21. xtasy 21

    Finally, some light at a very, very, very long, dark tunnel!

    ACT MP John Banks was trying to distract from his own court case (remember the Dotcom donation saga) and his party’s dismal showing overall yesterday, raising his party’s misgivings about Nick Smith’s recent housing plans, to allow first home buyers to buy cheaper homes in the provinces, while getting a government hand-out.

    Also I note that Peter Dunne is desperately trying to get media attention with all kinds of new ideas, suggestions, and supporting the Labour member’s bill pulled from the ballot, to reduce the alcohol limit to 0.5 per mil.

    These two are getting WORRIED, as their luck and days are going to be over soon!

    I look forward to some interesting Question Time showdowns in a week and a half, and also to some interesting policies, that Labour and also Greens must and will present.

    John Key, your days are numbered too, and Judith is in her kitchen at home every night, sharpening the many LONG blades of her kitchen knife collection!

  22. Tracey 22

    Banks spoke out against Smith’s state housing announcement, clearly tryin gto position himself;

    a. back in the public eye
    b. to the right of national

    Does Banks winning Epsom change anything?

    • bad12 22.1

      Do you mean ‘change anything after the 2014 election’ Tracey, if Banks gets to stand again in Epsom and loses then National have one less vote in the House,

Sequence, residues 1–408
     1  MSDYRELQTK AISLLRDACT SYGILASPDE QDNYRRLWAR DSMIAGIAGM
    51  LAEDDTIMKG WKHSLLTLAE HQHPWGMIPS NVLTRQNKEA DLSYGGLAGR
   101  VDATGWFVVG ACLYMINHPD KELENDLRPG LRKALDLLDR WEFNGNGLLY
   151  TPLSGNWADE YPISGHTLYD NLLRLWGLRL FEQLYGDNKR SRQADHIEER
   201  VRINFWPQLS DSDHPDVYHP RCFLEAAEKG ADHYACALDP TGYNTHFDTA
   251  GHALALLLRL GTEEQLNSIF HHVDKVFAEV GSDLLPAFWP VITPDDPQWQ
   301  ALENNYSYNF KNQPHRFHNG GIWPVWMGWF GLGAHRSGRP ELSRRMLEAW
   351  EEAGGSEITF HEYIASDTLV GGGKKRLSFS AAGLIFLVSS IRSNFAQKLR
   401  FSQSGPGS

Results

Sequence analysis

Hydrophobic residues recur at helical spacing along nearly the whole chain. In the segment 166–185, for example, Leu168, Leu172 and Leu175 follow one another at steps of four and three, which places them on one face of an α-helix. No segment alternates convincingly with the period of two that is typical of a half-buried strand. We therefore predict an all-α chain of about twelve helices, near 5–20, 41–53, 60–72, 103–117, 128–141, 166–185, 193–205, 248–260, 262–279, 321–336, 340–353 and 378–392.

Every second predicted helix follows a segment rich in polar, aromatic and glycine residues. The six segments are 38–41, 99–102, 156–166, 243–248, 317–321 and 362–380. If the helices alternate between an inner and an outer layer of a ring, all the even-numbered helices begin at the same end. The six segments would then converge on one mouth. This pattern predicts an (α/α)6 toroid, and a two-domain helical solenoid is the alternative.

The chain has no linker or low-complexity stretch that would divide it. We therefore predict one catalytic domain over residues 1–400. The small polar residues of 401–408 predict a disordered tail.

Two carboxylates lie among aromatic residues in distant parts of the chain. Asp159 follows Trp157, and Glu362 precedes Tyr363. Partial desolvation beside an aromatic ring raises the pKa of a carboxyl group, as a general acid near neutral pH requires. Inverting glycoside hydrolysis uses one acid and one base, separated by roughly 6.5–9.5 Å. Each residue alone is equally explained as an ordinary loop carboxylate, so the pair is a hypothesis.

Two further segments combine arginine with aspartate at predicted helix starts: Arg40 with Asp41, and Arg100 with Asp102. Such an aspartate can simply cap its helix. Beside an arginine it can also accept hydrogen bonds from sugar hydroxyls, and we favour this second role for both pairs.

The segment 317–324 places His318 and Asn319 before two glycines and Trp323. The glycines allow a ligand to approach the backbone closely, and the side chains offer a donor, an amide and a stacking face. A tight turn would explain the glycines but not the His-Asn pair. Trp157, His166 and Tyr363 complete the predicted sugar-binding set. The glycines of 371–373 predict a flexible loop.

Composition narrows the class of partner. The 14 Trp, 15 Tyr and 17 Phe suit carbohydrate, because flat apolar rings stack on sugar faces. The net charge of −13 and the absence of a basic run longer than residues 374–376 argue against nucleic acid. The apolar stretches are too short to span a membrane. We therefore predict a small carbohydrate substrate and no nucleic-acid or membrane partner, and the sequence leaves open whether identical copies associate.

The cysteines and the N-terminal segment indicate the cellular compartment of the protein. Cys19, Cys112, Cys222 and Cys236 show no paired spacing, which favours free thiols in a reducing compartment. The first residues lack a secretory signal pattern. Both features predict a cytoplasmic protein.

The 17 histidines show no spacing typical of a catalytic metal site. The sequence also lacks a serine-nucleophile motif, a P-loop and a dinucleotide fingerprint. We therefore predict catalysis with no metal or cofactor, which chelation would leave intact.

Same with Ohariu, if Dunne loses Ohariu it doesn’t matter that much who wins when that seat is looked at in terms of National’s ability to form a Government, National would be light one vote even if that Party should win that electorate,

      Lolz, bizaare as it may sound the voters in the Ohariu electorate should vote for the National candidate to ensure that National will not be the Government…

      • Tracey 22.1.1

        Yes, I mean if Banks wins in 2014, how does that change the above results?

        In epsom many non act/nat voters voter nat to keep banks out, but nat voters voted act to keep him in.

        everyone cancelled each other out, but nat always has more voters than the others… for some strange reason in this very white million dollar home area! 😉

  23. Aotearoean 23

    Tell the skipper that there is another rat in the lifeboat..

  24. Brett Dale 24

    what do the trends say?
    The only surprise would be if they didn’t surge with all then publicity.

    National will still bolt in.

    Greens at 11% still 1% higher than they will poll at the election.

    • bad12 24.1

      Lolz, the trend in the Roy Morgan shows National going DOWN, sorry clown your party has blown it big time in a number of policy areas and must now pay the price,